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Jaguar XJ6 2004 review

The XJ6 badge has returned to give buyers a six-cylinder leg-up into the most Jaguar of Jaguar cars, the full-size XJ series.

It also sneaks the XJ into the sub-$150,000 bracket – by just $100 but more than $20,000 cheaper than its direct German rivals.

The XJ6 has been missing in Australia since 1997.

Jaguar Australia general manager David Blackhall says the new base-level XJ will boost sales for the model by nearly 50 per cent.

"We're expecting to sell 220 XJs this year and we expect about 70 to be the XJ6. We also expect the XJ6's return to stimulate sales of the X and S-Type," he says.

The XJ range has soldiered on with only eight-cylinder XJ8 variants, with the previous bottom-end variant – powered by a 3.2-litre V8 – being cut last year.

Unlike previous XJ6s, the new car has a V6 instead of the classic in-line six. And the AJ-V6 engine has working-class roots, being a development of a Ford powerplant.

Power is a very respectable 179kW, but torque is a relatively modest 300Nm.

Thanks to its new aluminium body and the new engine, the XJ6 weighs 1545kg, 195kg less than the Mercedes-Benz S350 and 300kg below the BMW 735i.

The aluminium also improves the car's resistance to minor dings.

The weight saving means the XJ6's performance is equal or better than that of the previous 3.2-litre XJ8's 179kW V8, according to Jaguar.

Equipment levels match those of the naturally aspirated (non-supercharged) XJ8s, including DVD satellite navigation, TV tuner, front car phone, 12-way power-adjustable leather seats, leather trim, cruise control, electronic park brake and 18-inch wheels. Jaguar's air suspension with CATS (Computer Active Technology Suspension) adaptive damping and the touchscreen audio and climate control are also standard.

Jaguar has struggled in Austra lia in recent years, sales falling to just 1433 last year, down from 1751 in 2002, and Blackhall admits the brand has not been well managed here.

"There's been some decisions about some of our vehicle selections that haven't been quite right.

"We've imported a sport model X-Type in the past, for example, which had cloth trim and no cruise control for around $60,000.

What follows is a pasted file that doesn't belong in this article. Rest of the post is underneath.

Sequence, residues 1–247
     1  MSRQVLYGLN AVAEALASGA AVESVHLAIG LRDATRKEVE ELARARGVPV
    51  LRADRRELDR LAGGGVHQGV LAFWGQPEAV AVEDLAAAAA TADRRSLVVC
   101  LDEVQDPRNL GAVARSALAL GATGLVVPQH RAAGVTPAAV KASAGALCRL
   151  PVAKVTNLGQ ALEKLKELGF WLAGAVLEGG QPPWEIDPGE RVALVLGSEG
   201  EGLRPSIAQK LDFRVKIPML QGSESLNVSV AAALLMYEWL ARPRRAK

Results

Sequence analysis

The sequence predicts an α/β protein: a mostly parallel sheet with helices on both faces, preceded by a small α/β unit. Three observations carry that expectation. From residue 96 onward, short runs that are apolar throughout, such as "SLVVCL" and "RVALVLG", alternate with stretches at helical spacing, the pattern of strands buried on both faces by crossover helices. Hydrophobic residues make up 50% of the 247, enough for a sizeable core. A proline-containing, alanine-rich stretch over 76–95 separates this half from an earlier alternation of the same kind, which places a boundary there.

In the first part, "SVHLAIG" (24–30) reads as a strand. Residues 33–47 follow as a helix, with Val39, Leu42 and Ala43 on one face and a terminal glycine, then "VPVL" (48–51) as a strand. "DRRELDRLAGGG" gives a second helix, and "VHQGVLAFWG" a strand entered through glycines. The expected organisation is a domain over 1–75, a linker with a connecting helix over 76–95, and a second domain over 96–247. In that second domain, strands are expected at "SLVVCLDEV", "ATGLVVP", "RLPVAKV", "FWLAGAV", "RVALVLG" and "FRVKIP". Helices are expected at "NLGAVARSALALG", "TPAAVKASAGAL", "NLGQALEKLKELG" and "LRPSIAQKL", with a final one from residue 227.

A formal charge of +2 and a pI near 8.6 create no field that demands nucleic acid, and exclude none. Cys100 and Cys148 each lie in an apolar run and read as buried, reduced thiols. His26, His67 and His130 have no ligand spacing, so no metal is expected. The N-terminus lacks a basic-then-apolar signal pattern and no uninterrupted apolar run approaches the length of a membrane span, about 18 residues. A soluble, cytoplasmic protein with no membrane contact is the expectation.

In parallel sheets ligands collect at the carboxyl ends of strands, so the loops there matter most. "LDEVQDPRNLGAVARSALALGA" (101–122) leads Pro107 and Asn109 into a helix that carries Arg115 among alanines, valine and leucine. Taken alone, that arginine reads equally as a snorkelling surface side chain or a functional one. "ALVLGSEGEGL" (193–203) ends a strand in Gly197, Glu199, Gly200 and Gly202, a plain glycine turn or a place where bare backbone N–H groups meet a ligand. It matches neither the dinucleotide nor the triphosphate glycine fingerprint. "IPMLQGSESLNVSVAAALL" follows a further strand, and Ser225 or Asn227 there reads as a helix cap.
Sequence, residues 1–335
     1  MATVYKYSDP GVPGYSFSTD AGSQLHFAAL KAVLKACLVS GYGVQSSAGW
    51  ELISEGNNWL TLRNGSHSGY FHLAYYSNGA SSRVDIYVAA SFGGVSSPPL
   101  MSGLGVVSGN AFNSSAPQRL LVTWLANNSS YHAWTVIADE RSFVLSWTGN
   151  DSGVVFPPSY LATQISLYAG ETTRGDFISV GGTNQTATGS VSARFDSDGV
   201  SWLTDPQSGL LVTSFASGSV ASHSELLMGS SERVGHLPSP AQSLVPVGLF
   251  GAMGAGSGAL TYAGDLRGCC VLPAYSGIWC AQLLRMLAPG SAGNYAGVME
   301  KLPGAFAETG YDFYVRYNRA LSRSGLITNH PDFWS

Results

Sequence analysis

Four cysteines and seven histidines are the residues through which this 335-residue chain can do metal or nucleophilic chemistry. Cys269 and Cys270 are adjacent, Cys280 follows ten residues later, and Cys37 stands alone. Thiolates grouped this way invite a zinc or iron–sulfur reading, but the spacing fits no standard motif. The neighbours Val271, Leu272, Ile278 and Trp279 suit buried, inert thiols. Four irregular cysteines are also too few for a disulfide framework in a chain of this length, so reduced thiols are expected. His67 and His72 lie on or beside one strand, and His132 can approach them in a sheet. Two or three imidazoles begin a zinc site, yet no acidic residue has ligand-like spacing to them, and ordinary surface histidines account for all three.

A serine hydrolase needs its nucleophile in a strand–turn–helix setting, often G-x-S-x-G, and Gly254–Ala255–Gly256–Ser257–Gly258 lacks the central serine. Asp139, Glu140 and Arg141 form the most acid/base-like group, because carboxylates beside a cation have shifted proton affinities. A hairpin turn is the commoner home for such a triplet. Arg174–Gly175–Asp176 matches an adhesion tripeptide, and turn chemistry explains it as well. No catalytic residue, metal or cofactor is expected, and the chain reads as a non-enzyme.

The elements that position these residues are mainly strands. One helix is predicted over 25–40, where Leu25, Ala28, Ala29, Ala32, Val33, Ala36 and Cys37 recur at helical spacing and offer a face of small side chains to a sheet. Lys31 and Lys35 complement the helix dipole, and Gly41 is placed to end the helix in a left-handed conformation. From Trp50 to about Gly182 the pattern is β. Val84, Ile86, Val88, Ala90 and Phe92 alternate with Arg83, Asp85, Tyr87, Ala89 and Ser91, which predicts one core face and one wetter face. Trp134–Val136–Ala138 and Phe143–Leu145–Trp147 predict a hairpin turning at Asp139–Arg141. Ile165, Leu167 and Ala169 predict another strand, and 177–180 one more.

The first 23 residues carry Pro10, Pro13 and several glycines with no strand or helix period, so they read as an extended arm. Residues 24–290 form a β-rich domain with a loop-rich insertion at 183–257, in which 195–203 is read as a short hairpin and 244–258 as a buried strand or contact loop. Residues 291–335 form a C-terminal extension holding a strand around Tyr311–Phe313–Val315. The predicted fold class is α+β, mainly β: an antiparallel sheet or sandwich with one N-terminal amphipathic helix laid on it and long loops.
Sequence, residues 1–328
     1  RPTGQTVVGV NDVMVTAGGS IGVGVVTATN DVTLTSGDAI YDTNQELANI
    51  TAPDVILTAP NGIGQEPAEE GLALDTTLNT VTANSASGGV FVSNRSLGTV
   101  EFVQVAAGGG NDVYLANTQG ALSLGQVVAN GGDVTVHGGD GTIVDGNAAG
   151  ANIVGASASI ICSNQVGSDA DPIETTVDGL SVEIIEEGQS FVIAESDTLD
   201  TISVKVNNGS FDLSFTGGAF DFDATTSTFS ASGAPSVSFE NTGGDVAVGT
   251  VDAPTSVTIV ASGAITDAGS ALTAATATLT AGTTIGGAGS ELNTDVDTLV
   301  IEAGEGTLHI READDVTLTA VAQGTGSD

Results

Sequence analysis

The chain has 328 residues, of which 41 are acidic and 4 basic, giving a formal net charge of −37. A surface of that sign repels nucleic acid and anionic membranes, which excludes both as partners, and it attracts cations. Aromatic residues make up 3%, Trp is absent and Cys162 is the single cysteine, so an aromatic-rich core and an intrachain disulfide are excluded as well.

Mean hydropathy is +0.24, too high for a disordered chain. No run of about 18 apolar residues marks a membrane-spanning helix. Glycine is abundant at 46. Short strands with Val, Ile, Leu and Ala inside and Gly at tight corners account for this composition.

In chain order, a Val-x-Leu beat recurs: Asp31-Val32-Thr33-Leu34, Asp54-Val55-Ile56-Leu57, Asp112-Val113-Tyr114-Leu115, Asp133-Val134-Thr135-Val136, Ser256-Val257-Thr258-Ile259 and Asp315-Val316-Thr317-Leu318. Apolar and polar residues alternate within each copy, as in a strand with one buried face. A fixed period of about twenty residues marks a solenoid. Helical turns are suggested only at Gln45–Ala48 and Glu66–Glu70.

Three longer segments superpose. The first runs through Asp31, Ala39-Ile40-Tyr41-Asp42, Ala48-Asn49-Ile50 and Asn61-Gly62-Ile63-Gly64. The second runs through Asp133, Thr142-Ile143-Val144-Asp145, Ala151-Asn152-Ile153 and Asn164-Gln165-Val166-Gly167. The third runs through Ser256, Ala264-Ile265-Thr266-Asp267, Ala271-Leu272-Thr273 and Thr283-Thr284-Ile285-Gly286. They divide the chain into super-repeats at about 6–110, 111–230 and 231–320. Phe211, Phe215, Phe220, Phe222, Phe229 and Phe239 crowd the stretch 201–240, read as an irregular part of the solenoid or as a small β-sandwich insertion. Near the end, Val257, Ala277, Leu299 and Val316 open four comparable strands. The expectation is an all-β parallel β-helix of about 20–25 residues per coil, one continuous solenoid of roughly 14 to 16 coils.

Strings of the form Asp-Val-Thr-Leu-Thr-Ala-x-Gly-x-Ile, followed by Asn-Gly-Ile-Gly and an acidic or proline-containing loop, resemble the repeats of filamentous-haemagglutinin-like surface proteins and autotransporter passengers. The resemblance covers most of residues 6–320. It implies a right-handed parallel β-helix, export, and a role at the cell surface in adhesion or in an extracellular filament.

"It's not the right feel for a prestige brand when a $40,000 Falcon can have leather trim, cruise and other extras."

On the Road

The challenge for Jaguar in Australia has been getting on to people's luxury shopping lists. The XJ6 could be the car that gets a few more thinking about the brand.

A price tag of just under $150,000 might not sound like a value winner but, compared to its mainly German rivals, there's a lot of metal and equipment for the money.

On paper it stacks up well against the entry-level BMW and Mercedes-Benz limousines, the 7-Series 735i and S-Class S350, although that depends on where you consider the "Big Cat" badge sits in comparison to the three-pointed star or the BMW roundel.

For better or worse, everyone will know you're in a Jag. The XJ looks pretty much like the previous model from most angles, despite being a completely new car, and not much different to its predecessors over the past 30 odd years.

For the purist it might be wonderful, but there aren't an enormous number of purists left in Australia and we can't help thinking those who may otherwise be seeking a Mercedes-Benz or BMW might think the classic look is too old-fashioned.

It's not just the outside that's caught in the XJ time warp. The interior, with woodgrain highlights and small, hard-to-read instrument dials might be a classy touch, but the more technical feel of the Benz or BMW works better.

The fact the speedo is too small to have all increments of 10km/h marked is unhelpful.

Look past the "grey power" styling and image, and the XJ6 is a technologically advanced car.

Thanks to its aluminium panels, the big Jag is lighter than almost anything its size. It's also very well equipped compared to its rivals.

The touch-screen audio and climate controls in the centre of the dash are extremely user-friendly, especially when changing CDs.

We don't know how well the touch-screen would survive long-term day-to-day use, but it works.

Roadholding and handling is impressive and the car seems a lot smaller on the road than it is.

It also feels balanced, making it nimble and fun to drive on windy roads. But the steering is light.

Power from the 3.0-litre V6 is reasonable, but the engine is not torquey, which means it does its best work at mid to high revs.

The result is the car feels sluggish when launched, but is fine once it's going. The engine is also relatively noisy when pushed hard.

If people test drive the smooth-handling XJ6, Jaguar may find them keen to upgrade to the 3.5-litre XJ8 for an extra $20,000, if they want the extra pull.

The ZF six-speed automatic is popular among other European prestige cars, including BMW and Mercedes-Benz models.

In contrast to the Germans, the XJ6 has Jaguar's J-Gate arrangement instead of a tiptronic-style manual mode. Leave it in "D" and it's a regular auto, but shift it to the left and you can select gears two through five manually.

I found this easy to use and less hit-and-miss than a tiptronic, but other testers found it slow to react.

Another pleasant surprise for such a big car was the fuel economy. Jaguar claims 10.5 l/100km, but we managed 8.8 l/100km without even trying, despite doing most of our driving outside Melbourne.

It's ironic then that the car's "Jaguar-ness" could be what puts people off. When prestige is as much about perception as it is about reality, and technology equals prestige, its '60s-inspired lines and dials might be too subtle to stand out against the usual luxury car shopping-list toppers.

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3.0 3.0L, PULP, 6 SP AUTO $20,900 – 26,400 2004 Jaguar XJ6 2004 3.0 Pricing and Specs
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